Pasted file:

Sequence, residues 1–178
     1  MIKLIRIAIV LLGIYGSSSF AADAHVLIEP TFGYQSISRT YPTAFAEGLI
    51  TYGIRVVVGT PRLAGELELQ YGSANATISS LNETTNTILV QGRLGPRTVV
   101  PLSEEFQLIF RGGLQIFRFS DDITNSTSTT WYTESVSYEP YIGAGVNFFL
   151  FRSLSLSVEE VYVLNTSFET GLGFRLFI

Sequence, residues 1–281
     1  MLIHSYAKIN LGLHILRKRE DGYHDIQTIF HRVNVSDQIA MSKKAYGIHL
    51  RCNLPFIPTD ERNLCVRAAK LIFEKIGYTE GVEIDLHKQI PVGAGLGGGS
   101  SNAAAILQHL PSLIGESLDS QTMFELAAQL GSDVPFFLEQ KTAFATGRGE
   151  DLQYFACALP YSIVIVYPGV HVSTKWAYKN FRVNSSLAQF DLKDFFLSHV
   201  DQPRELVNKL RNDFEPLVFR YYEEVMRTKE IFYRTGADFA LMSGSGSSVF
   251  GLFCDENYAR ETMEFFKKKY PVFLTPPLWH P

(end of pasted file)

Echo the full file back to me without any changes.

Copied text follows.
Sequence, residues 1–178
     1  MIKLIRIAIV LLGIYGSSSF AADAHVLIEP TFGYQSISRT YPTAFAEGLI
    51  TYGIRVVVGT PRLAGELELQ YGSANATISS LNETTNTILV QGRLGPRTVV
   101  PLSEEFQLIF RGGLQIFRFS DDITNSTSTT WYTESVSYEP YIGAGVNFFL
   151  FRSLSLSVEE VYVLNTSFET GLGFRLFI

Sequence, residues 1–281
     1  MLIHSYAKIN LGLHILRKRE DGYHDIQTIF HRVNVSDQIA MSKKAYGIHL
    51  RCNLPFIPTD ERNLCVRAAK LIFEKIGYTE GVEIDLHKQI PVGAGLGGGS
   101  SNAAAILQHL PSLIGESLDS QTMFELAAQL GSDVPFFLEQ KTAFATGRGE
   151  DLQYFACALP YSIVIVYPGV HVSTKWAYKN FRVNSSLAQF DLKDFFLSHV
   201  DQPRELVNKL RNDFEPLVFR YYEEVMRTKE IFYRTGADFA LMSGSGSSVF
   251  GLFCDENYAR ETMEFFKKKY PVFLTPPLWH P